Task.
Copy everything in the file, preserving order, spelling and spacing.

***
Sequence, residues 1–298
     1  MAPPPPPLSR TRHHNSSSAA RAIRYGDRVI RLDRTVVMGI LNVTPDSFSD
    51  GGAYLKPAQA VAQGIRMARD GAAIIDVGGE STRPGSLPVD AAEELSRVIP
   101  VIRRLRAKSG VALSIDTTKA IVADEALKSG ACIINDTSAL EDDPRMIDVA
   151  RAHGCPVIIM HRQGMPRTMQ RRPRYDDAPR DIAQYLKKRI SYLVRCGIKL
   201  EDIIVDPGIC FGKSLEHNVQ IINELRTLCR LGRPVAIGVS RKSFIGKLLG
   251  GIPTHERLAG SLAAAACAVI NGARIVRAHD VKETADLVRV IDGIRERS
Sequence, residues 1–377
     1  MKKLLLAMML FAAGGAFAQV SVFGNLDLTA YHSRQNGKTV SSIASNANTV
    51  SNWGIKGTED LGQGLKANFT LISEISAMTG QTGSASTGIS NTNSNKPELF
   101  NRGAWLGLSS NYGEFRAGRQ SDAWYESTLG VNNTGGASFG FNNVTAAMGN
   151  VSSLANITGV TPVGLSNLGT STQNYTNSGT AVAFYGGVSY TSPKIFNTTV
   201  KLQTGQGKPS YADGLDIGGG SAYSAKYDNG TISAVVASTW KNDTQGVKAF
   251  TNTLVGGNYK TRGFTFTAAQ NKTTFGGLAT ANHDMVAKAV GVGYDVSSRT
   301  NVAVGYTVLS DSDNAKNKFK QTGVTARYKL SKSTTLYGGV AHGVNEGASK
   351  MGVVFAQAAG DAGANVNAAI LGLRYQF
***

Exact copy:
Sequence, residues 1–298
     1  MAPPPPPLSR TRHHNSSSAA RAIRYGDRVI RLDRTVVMGI LNVTPDSFSD
    51  GGAYLKPAQA VAQGIRMARD GAAIIDVGGE STRPGSLPVD AAEELSRVIP
   101  VIRRLRAKSG VALSIDTTKA IVADEALKSG ACIINDTSAL EDDPRMIDVA
   151  RAHGCPVIIM HRQGMPRTMQ RRPRYDDAPR DIAQYLKKRI SYLVRCGIKL
   201  EDIIVDPGIC FGKSLEHNVQ IINELRTLCR LGRPVAIGVS RKSFIGKLLG
   251  GIPTHERLAG SLAAAACAVI NGARIVRAHD VKETADLVRV IDGIRERS
Sequence, residues 1–377
     1  MKKLLLAMML FAAGGAFAQV SVFGNLDLTA YHSRQNGKTV SSIASNANTV
    51  SNWGIKGTED LGQGLKANFT LISEISAMTG QTGSASTGIS NTNSNKPELF
   101  NRGAWLGLSS NYGEFRAGRQ SDAWYESTLG VNNTGGASFG FNNVTAAMGN
   151  VSSLANITGV TPVGLSNLGT STQNYTNSGT AVAFYGGVSY TSPKIFNTTV
   201  KLQTGQGKPS YADGLDIGGG SAYSAKYDNG TISAVVASTW KNDTQGVKAF
   251  TNTLVGGNYK TRGFTFTAAQ NKTTFGGLAT ANHDMVAKAV GVGYDVSSRT
   301  NVAVGYTVLS DSDNAKNKFK QTGVTARYKL SKSTTLYGGV AHGVNEGASK
   351  MGVVFAQAAG DAGANVNAAI LGLRYQF